Notes: Fri 20 Sept

More on the Radiation Budget

overhead: radiation budget from the text:
the numbers are not so important; relative quantities are more important.

Of the total radiation [100] that leaves the Earth...

Again, it's not the actual numbers but the relative amounts that are important. For instance, notice how much of the outgoing radiation is due to the reflectivity of clouds. Also note that about equal amounts of reradiated energy come from the atmosphere and the Earth's surface. Whereas clouds do absorb and reradiate a little bit of the radiation budget, they are much better at reflecting. Non-radiative energy transfer, most of which is in the form of latent heat, is also a major part of the energy budget (see previous lecture for close-ups of the energy budget at the Earth's surface).

Just to recap, we've looked at several parts of Earth's radiation budget. We said the global budget is balanced because if it weren't, temperatures would be rising or dropping, but instead they're quite constant. We looked in detail at the portion of the budget that entered into the atmosphere. We said incoming radiation is either transmitted, scattered, or absorbed/reradiated.
Then we looked at the portion of the budget just at Earth's surface. (Remember that some of the incoming radiation does not make it to the ground but is either reflected into space or absorbed in the atmosphere.) Of the portion that reaches the ground, a little is reflected and the rest is either absorbed/reradiated or taken up in non-radiative processes.
Lastly (today), we looked at the total outgoing budget and saw that nearly half of the outgoing energy comes from reradiation, one-third from reflection, and one-fourth from non-radiative energy transfer.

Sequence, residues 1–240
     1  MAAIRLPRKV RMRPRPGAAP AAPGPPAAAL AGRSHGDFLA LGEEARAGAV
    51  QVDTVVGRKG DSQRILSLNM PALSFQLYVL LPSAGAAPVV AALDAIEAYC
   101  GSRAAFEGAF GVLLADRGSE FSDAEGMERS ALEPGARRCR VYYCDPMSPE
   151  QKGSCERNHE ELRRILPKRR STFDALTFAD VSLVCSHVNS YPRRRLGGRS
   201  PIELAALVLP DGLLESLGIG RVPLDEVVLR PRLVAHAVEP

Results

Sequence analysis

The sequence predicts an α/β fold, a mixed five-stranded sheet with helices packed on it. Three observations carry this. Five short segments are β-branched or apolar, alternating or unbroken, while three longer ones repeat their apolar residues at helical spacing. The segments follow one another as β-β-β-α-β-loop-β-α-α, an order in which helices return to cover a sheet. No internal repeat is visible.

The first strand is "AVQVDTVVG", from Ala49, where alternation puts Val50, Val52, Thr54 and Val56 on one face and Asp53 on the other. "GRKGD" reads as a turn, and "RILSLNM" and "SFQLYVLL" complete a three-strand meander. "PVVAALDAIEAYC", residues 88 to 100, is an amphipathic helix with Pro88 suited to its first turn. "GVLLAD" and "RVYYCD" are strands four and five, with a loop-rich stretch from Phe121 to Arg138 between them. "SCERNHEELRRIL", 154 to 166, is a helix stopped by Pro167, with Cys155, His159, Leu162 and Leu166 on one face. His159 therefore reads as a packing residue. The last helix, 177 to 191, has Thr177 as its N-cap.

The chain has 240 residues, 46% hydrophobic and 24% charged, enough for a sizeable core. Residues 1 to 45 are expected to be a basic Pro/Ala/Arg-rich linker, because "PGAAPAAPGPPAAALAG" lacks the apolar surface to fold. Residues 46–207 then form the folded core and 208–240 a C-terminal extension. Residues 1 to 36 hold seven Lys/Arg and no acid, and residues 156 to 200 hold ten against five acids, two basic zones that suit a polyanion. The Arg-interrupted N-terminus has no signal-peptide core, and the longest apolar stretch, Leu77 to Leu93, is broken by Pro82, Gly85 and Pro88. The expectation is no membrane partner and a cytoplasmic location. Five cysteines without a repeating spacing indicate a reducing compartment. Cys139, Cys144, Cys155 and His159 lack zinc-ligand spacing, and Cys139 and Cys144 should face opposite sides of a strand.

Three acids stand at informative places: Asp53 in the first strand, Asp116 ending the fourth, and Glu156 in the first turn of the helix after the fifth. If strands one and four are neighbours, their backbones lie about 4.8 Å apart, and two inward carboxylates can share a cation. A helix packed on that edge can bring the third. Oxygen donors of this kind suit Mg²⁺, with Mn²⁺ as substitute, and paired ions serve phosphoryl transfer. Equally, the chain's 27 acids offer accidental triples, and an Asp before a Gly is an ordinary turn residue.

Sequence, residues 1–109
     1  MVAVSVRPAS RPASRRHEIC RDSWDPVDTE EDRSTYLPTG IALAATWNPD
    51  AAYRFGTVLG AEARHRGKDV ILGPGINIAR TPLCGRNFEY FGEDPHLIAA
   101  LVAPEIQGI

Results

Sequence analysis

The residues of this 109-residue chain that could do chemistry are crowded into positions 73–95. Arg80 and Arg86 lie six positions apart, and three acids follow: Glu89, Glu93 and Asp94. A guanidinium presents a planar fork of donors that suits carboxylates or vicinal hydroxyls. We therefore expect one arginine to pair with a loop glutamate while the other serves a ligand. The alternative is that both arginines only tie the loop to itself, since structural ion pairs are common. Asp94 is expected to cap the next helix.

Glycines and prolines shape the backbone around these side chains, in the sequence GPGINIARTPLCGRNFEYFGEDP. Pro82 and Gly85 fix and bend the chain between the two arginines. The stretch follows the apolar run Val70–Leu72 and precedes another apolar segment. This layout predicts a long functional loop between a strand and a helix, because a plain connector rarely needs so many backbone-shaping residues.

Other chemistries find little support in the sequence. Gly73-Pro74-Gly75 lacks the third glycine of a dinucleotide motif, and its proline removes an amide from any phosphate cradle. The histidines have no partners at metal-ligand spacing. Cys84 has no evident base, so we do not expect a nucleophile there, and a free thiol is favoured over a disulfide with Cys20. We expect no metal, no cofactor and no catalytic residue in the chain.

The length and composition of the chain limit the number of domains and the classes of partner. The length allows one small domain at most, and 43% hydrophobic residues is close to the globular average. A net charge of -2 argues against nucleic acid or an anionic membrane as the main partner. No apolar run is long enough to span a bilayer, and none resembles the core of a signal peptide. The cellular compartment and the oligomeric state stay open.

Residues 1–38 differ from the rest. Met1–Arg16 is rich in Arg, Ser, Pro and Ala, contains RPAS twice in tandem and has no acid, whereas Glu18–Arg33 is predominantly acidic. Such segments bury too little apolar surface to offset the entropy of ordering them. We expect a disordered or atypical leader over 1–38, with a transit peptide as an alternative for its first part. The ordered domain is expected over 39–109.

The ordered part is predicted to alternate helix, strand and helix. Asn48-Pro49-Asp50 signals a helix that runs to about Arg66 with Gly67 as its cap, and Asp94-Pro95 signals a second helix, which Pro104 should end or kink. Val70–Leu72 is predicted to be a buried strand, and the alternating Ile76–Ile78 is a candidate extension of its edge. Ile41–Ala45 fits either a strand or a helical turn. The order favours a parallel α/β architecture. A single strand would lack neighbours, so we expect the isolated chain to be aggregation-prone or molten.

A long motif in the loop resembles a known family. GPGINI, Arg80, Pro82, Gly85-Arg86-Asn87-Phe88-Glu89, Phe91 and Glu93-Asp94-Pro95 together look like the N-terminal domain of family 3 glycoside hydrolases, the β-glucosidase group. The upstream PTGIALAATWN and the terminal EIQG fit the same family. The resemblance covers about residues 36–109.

Energy and Time

The following plot of energy vs. time shows 3 curves: incoming solar radiation, outgoing longwave radiation, and daily temperature fluctuations.

energy vs. time curves
Things to note:

  • On the incoming solar radiation curve, the peak occurs when the sun is closest overhead, which is at noon. Before sunrise and after sunset, there is no incoming solar radiation. (Note that these "idealized" days with 12 hours of light and 12 hours of dark only really occur at the equator or during the equinoxes)
  • The outgoing longwave radiation curve is pretty constant.

    Putting these two facts together means that at some times of the day, more energy will be leaving than entering. At other times, more will be entering than leaving.

    When the incoming energy is less than the outgoing energy, the temperature will drop. This is true to the left and right of the two vertical dashed lines in the plot. When the incoming energy is greater than the outgoing energy, the temperature will rise. This is true in the center of the plot between the two vertical dashed lines.

    Notice that the greatest amount of incoming radiation doesn't occur at the same time as the highest temperature. There is a "time lag" between the peaks. However, the time lag does not occur because heating is slow. Rather, temperature will keep going up as long as the sun pumps in more energy than the Earth puts out. The highest temperature is at the point when the Earth starts putting out more energy than the sun puts in. That marks the onset of falling temperatures.

    If you replace the time axis with months of the year instead of hours of the day, you get a similar pattern. There is also a "time lag" in the yearly patterns (remember that we get the most sun on June 22, the summer solstice, but the hottest months are after that).

    overhead: net radiation
    This showed net radiation at ground level. All wavelengths of radiation are included in the term "net radiation." The term "net radiation" takes into account all energy transfers except the non-radiative energy processes (latent heat, sensible heat). The maximum net radiation was at low latitudes and the minimum was at high latitudes.

    Back to GS 201 homepage